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PostPosted: Thu May 28, 2009 1:19 am 
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Joined: Fri Feb 06, 2009 7:49 pm
Posts: 16
Oh good... you found a useful spec on the block format.

(I composed the reply I posted a few minutes ago offline and posted it without realizing that you had already made some progress... good luck!)


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PostPosted: Thu May 28, 2009 4:40 am 
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Joined: Thu May 07, 2009 12:52 pm
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danek wrote:
wim wrote:
you must be checking that i'm paying attention.. first you say we expect an XFSB at 499592200192 in the image, then you say to subtract the size from 49959200192, then you give 49949200192 in the command! which of these three numbers did you mean? ;)

The "49949200192" in the command I gave was part of "49949200192-size_of_your_disk_img". The "-" was meant to be a minus sign. This is in line with the "subtract the size" instruction. When I said we expect to see it at that offset, I meant that offset in the final reconstructed image (which we don't have yet; we need to know what we're expecting so that we can properly reconstruct the image.) So, to answer your question, I meant all three of those things. :)

actually, what i was pointing out was that 499592200192 != 49959200192 !=49949200192

thanks for the clarification re the head sector cylinder stuff.. that is quite bizarre system, how did it get so convoluted? and if it is just specifying a location on the disk, can't the same information just be given as a block number, err, LBA?


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PostPosted: Thu May 28, 2009 5:22 am 
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Joined: Thu May 07, 2009 12:52 pm
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all done! i have recovered all of the data, 704 396 349 070 bytes worth, and nothing seems to be lost or corrupted, and none of it is in lost and found :D

here's what i did, the primary superblock which was found at 0x3D487A00, at the top of the first allocation group, has a number contained in it, sb_agblocks, which specifies the number of blocks between allocation groups. given the blocksize (4096 bytes) and sb_agblocks=7623172, you can work out the distance to the next superblock (0x745204000). this information was detailed in the documentation pdf file above.

so on disk 1, there existed more superblocks at the top of each allocation group:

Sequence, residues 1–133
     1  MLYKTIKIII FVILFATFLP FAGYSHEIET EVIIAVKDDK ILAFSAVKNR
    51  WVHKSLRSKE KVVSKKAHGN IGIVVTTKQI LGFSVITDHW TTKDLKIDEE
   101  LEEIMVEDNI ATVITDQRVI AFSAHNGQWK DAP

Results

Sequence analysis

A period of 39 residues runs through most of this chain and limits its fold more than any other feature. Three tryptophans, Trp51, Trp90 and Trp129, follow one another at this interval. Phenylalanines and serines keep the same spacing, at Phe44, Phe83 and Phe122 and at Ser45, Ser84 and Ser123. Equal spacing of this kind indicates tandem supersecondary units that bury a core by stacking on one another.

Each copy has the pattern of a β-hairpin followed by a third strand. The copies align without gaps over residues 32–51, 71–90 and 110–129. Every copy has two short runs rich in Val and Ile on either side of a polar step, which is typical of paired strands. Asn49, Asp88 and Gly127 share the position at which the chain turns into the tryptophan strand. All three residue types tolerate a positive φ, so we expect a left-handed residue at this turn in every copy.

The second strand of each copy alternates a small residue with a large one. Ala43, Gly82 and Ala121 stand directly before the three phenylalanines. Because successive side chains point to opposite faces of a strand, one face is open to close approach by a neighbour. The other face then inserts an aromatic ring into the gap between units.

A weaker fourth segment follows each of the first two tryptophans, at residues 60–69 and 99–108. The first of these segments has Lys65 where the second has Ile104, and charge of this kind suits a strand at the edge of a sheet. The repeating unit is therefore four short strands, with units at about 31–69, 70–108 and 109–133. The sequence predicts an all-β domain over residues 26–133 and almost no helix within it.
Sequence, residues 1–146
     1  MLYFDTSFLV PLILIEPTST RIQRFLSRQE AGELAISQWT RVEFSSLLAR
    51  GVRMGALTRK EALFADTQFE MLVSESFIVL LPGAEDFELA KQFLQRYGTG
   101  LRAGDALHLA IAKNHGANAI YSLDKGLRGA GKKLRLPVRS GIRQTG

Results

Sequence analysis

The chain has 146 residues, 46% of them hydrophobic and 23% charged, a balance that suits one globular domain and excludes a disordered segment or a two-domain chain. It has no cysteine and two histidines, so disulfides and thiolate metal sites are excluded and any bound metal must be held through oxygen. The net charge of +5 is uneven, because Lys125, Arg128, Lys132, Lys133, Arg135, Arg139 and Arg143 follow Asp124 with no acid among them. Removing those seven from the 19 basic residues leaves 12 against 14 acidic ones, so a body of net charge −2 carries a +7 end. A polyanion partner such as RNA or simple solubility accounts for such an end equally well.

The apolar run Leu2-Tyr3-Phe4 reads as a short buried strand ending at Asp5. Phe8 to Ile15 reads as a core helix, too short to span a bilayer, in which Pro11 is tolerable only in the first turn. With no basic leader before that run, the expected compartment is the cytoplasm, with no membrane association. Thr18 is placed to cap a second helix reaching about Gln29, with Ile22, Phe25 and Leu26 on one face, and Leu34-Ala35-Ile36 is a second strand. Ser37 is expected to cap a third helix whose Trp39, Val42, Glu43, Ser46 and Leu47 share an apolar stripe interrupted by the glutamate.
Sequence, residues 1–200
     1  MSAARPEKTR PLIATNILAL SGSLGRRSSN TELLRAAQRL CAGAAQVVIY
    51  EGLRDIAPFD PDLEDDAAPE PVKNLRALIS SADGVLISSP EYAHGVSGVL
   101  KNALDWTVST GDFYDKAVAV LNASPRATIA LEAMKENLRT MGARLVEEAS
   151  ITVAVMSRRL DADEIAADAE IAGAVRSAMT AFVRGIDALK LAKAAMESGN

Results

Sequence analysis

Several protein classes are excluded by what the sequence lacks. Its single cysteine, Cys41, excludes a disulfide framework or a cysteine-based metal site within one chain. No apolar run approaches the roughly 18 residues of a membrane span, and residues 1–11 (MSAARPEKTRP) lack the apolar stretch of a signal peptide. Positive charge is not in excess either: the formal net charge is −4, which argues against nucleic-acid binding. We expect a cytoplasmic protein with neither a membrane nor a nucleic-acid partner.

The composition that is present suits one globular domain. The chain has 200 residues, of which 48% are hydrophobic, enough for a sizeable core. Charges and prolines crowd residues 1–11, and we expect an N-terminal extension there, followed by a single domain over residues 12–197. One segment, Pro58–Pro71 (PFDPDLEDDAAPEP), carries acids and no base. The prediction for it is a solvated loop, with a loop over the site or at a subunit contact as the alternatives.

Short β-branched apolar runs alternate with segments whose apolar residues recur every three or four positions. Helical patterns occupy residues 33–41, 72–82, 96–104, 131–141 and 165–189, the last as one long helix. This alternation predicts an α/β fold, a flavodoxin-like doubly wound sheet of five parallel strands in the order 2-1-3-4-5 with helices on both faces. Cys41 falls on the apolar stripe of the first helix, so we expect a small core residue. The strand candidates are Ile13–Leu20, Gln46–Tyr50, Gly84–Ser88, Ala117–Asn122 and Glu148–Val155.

0x003D487A00 <-- primary superblock
0x078268BA00
0x0EC788FA00
0x160CA93A00
...
0x6D4A2C3A00

that's 16 AG in total on disk 1. so the next one is expected to be found at 0x748F4C7A00, but the disk only goes to 0x7470C05FFF. therefore the next XFSB should be 0x748F4C7A00 - (0x7470C05FFF + 1) = 0x1E8C1A00 into the second disk. but it's not. as was found earlier, it was at 0x1EB80000. this means that if you concatenate the data part of disk 1 with all of disk 2, you end up with 0x1EB80000 - 0x1E8C1A00 = 0x2BE600 = 5619b of 'float' between superblocks 16 and 17 that shouldn't be there.

anyway, on disk 2 we get more evenly spaced superblocks as before, at
0x001EB80000
0x0763D84000
...
0x6D2B9BC000 <-- last SB

so 16 AGs on disk 2 aswell, making 32 AGs in total. there is more data at and after 0x7470BC0000 , i think it's part of XFS journalling system and stuff, so i think it is still necessary to image beyond the last AG.

now the question is how to trim the 5619 blocks of fat out of the image so as not to corrupt the filesystem? it was not clear to me whether i should be discarding the part before the 17th AG on disk 2, or the part after the 16th AG on disk 1. i decided to use an input offset to disk 2, which is the first option, since it was all zeros on the disk up until the superblock anyway. it is true that windows disk management thing put some rubbish into the end of disk 1, something about partitions i think, which does not belong in the image file. however as long as the AG free block, AG inode B+tree info, and AG internal free list was not told about this stuff, then that part of the disk is as good as free space (or in the worst case , a few kb of corrupted data). the other thing that was unclear was when to stop reading from disk 2. i simply imaged until the end of the disk, hoping that if the image file had extra 'stuff' on the end it would not break the filesystem, which turned out to be true.

EBD disk 1 was sdd
EBD disk 2 was sdc

Code:
ddrescue /dev/sdd /wd/xfs.img /wd/xfs1.log -i 2008125b -o 0
ls -l /wd/xfs.img
ddrescue /dev/sdc /wd/xfs.img /wd/xfs2.log -i 5619b -o 499079702016
losetup /dev/loop1 /wd/xfs.img
mkdir /ebd; mount -o ro -t xfs /dev/loop1 /ebd
cp -R -v /ebd /wd

and the cp took many hours, but that did the trick! mount didn't complain about the structure, xfs_repair wasn't needed at all, and everything seems to be in there as far as i can tell, so it looks like the image was a valid one despite a couple of wrinkles.